The Location and Incidence of Out-of-hospital Cardiac Arrest in Georgia

Implications for Placement of Automated External Defibrillators

George E. Malcom, Teresa Michel Thompson, Phillip L Coule

Research output: Contribution to journalArticle

11 Citations (Scopus)

Abstract

Objective. Prior studies of automated external defrillator placement strategies for public access defibrillation (PAD) have addressed only the venue of out-of-hospital cardiac arrest (OOHCA) in large urban areas. This study evaluates the relationship between population density and the incidence and location of OOHCA. Methods. This study was a retrospective analysis of 624,199 Georgia state emergency medical services patient care reports (PCRs) in 2000. The PCR categorized these cardiac arrests by county into 12 location options. Counties were divided into population densities of <100, 100-400, 400-1,000, and >1,000 persons per square mile. The incidence of cardiac arrest for each location type was calculated for each population density group. Results. The <100 density group had only 21.77% of the state's population but 30.96% of the state's cardiac arrests, whereas the > 1,000 density group had 35.46% of the population but only 23.55% of the cardiac arrests (p < 0.0001). The relative risk (95% confidence interval) for OOHCA in the <100 density group compared with the < 1,000 density group was 2.14 (2.00, 2.29). The percentage of OOHCAs that occurred in the home for each population density group was: < 100 persons per square mile, (67.67%); 100-400 persons per square mile, (68.83%); 400-1,000 persons per square mile, (65.75%); and >1,000 persons per square mile (62.09%) (p = 0.0001). Conclusions. There are variations in incidence and location of OOHCA based on population density in Georgia. As population density increases, the incidence percentage of OOHCAs decreases. However, as population density increases, there is an increase in the percentage of cardiac arrests occurring outside the home, where more OOHCAs could potentially benefit from PAD.

Original languageEnglish (US)
Pages (from-to)10-14
Number of pages5
JournalPrehospital Emergency Care
Volume8
Issue number1
StatePublished - Jan 1 2004

Fingerprint

Out-of-Hospital Cardiac Arrest
Defibrillators
Population Density
Heart Arrest
Incidence
Patient Care
Emergency Medical Services
Population Groups
Population

Keywords

  • Automated external defibrillator
  • Cardiac arrest
  • Public access defibrillation

ASJC Scopus subject areas

  • Emergency Medicine
  • Emergency

Cite this

The Location and Incidence of Out-of-hospital Cardiac Arrest in Georgia : Implications for Placement of Automated External Defibrillators. / Malcom, George E.; Thompson, Teresa Michel; Coule, Phillip L.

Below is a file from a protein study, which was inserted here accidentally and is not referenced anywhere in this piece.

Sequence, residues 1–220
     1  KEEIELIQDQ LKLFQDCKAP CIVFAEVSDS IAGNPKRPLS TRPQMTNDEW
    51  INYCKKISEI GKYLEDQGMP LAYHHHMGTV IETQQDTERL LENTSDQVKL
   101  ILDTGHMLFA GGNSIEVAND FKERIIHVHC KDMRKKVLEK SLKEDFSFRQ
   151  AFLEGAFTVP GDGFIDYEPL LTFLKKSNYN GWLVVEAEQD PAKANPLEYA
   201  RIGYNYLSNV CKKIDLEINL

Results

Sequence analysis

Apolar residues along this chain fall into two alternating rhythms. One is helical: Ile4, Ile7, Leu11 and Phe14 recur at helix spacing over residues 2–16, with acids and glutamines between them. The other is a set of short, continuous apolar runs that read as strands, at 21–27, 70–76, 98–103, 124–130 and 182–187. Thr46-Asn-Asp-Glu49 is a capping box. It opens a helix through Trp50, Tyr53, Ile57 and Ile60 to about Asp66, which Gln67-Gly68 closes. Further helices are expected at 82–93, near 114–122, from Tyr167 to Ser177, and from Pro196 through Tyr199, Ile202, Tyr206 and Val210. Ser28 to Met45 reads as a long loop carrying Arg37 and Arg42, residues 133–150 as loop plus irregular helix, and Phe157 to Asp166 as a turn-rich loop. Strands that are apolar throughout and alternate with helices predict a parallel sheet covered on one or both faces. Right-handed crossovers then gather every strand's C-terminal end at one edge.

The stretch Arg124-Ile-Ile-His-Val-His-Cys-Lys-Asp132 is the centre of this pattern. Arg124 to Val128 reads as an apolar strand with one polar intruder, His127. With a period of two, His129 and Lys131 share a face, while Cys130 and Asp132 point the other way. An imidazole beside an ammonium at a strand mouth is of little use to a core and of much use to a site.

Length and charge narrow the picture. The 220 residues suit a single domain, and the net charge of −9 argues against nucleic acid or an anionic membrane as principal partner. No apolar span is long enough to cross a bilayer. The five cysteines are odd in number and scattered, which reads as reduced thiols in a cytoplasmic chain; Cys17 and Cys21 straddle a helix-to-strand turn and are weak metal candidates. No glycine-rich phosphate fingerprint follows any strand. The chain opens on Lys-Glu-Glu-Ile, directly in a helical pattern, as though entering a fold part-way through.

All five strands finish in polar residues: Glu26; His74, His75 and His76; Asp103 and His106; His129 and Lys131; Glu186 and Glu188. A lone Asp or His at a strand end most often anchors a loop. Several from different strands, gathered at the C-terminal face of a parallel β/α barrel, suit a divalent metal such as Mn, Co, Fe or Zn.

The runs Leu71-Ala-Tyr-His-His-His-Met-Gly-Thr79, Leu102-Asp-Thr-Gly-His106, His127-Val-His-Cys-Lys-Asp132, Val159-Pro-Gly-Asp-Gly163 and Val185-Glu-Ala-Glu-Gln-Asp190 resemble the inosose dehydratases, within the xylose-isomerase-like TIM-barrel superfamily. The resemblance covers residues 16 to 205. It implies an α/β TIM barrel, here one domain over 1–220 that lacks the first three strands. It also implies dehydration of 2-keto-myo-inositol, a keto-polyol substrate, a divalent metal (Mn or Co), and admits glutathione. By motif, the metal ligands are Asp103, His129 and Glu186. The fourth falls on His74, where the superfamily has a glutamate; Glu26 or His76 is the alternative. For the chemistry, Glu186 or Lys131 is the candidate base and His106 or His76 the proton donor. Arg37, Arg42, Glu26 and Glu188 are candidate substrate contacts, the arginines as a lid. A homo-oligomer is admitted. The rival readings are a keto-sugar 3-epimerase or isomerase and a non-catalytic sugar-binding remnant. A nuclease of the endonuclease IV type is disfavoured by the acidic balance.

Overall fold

In: Prehospital Emergency Care, Vol. 8, No. 1, 01.01.2004, p. 10-14.

Research output: Contribution to journalArticle

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title = "The Location and Incidence of Out-of-hospital Cardiac Arrest in Georgia: Implications for Placement of Automated External Defibrillators",
abstract = "Objective. Prior studies of automated external defrillator placement strategies for public access defibrillation (PAD) have addressed only the venue of out-of-hospital cardiac arrest (OOHCA) in large urban areas. This study evaluates the relationship between population density and the incidence and location of OOHCA. Methods. This study was a retrospective analysis of 624,199 Georgia state emergency medical services patient care reports (PCRs) in 2000. The PCR categorized these cardiac arrests by county into 12 location options. Counties were divided into population densities of <100, 100-400, 400-1,000, and >1,000 persons per square mile. The incidence of cardiac arrest for each location type was calculated for each population density group. Results. The <100 density group had only 21.77{\%} of the state's population but 30.96{\%} of the state's cardiac arrests, whereas the > 1,000 density group had 35.46{\%} of the population but only 23.55{\%} of the cardiac arrests (p < 0.0001). The relative risk (95{\%} confidence interval) for OOHCA in the <100 density group compared with the < 1,000 density group was 2.14 (2.00, 2.29). The percentage of OOHCAs that occurred in the home for each population density group was: < 100 persons per square mile, (67.67{\%}); 100-400 persons per square mile, (68.83{\%}); 400-1,000 persons per square mile, (65.75{\%}); and >1,000 persons per square mile (62.09{\%}) (p = 0.0001). Conclusions. There are variations in incidence and location of OOHCA based on population density in Georgia. As population density increases, the incidence percentage of OOHCAs decreases. However, as population density increases, there is an increase in the percentage of cardiac arrests occurring outside the home, where more OOHCAs could potentially benefit from PAD.",